Editor's note: This is the second installment that chronicles Lt. Brad Snyder's efforts to earn a spot on Team USA's roster for the 2012 London Paralympics. Read the first story here.
Racing the clock
“All sorts of people have contacted me on Facebook, or by e-mail, or they come up to me in person and say, ‘You really inspired us, just by the fact that you’ve moved forward, that you don’t let this thing slow you down.’ I want them to see that, hey, you can go out (despite this type of wound) and excel at something -- become a really good writer, or a good cook; it doesn’t matter,” Snyder said. “Hopefully, we can utilize this as a platform.”
That platform, he understands, will become far larger if he makes the 2012 U.S. Paralympic team. But getting to London is all about minutes, seconds and tenths of seconds -- the fewer of those during his heats, the better. And as a swimmer without sight, ensuring a brisk time is all about maintaining tight direction: the straighter he goes, the quicker he touches the finish line.
But, much like his delicate job in Afghanistan and Iraq -- dissecting and dismantling homemade explosives -- haste in the pool can be Snyder’s enemy.
When he swims fast and tries to increase his (arms’) turnover rate, he ends up almost pin-balling in the lane -- one side to the other, one side to the other -- ricocheting off that lane line,” said his coach, Brian Loeffler. “If he gets going too much and crashes into a lane line, he can just be stopped in the water and lose all forward progress.”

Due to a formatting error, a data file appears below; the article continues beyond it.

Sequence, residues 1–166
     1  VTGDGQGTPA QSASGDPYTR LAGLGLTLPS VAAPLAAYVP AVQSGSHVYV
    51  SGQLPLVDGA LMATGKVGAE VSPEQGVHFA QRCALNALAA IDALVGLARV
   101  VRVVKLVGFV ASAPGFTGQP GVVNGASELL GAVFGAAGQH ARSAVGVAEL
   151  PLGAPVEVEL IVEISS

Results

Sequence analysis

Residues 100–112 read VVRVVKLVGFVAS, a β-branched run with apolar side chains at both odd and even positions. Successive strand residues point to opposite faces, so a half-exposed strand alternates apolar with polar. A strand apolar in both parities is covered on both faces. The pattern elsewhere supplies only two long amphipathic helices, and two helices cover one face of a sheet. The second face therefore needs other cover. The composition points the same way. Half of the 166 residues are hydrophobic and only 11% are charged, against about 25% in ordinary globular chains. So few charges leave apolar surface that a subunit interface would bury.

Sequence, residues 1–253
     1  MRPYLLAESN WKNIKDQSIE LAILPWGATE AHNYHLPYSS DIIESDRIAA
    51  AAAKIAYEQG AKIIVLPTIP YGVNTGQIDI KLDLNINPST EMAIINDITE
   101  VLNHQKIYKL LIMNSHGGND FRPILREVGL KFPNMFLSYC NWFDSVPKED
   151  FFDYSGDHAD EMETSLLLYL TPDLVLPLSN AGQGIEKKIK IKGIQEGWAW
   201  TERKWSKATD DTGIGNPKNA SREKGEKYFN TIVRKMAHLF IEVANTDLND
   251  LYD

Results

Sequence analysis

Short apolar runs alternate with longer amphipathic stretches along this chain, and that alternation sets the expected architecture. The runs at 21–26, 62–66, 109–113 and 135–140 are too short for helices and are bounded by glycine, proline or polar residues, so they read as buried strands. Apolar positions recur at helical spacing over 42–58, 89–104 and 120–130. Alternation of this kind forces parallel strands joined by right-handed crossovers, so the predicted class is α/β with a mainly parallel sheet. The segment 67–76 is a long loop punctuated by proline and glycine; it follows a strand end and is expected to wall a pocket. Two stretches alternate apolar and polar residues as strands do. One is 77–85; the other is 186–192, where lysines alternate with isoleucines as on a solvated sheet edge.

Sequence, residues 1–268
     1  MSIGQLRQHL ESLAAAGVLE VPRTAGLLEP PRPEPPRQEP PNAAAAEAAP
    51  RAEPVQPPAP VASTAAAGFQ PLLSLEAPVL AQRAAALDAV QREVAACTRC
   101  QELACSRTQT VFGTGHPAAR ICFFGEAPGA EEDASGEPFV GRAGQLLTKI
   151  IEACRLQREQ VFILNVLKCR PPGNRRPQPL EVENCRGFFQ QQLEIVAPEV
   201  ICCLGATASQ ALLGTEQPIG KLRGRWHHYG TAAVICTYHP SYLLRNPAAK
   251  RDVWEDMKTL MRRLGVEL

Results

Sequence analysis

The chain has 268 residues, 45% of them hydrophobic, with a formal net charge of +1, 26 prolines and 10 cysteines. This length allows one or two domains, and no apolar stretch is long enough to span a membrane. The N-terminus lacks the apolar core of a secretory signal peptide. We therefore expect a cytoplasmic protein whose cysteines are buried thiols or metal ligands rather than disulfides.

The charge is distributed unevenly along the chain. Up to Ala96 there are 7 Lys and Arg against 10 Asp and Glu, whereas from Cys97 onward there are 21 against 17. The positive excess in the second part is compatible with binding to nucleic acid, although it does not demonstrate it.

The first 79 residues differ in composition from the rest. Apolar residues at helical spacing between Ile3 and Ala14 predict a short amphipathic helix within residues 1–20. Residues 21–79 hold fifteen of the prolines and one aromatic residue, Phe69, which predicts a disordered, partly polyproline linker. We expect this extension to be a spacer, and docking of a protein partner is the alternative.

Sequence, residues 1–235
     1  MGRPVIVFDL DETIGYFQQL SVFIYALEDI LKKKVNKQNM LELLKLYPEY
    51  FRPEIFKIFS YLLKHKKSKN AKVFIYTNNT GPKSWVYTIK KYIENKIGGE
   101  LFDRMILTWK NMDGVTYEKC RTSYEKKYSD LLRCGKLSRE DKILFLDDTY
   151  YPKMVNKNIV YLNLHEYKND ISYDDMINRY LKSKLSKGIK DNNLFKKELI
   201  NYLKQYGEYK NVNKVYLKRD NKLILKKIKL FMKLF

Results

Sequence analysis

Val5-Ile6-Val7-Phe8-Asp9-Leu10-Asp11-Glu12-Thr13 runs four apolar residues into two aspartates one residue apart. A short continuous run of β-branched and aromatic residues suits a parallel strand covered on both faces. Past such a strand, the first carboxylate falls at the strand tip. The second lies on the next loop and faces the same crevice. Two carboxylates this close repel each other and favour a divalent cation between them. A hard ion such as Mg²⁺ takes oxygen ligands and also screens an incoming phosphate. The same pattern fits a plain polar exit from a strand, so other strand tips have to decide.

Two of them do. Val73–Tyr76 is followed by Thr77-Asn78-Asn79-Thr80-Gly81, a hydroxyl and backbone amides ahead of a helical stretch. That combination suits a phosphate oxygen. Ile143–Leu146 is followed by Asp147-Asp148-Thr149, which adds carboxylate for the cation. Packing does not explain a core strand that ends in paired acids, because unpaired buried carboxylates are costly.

When he swam for Navy in the early 2000s, Snyder’s initial style was to dive in and sprint -- no other strategy, no clean technique, just winning on pure guts. Eventually at the Naval Academy, he began to hone his strokes, evening his pace and becoming more efficient. Now, he and Loeffler are focused on keeping each 50-meter race length (or “split,” in pool jargon), as even as possible to all other trips up and down the pool -- both in terms of his times and his stroke counts.
Lt. Brad Snyder, blinded by an IED explosion in Afghanistan, is now training for the London 2012 Paralympics.
That physical symmetry allows Snyder to better hold his course and avoid side-swiping the lane markers.
“When he can keep a long, steady stroke, he has a real good rhythm,” said Loeffer, the head swimming coach at Loyola University in Baltimore. He also will serve as one of the assistant swim coaches for the U.S. Paralympic team. “We’ve got to find a balance between that kind of speed but also being able to be real straight in the water.”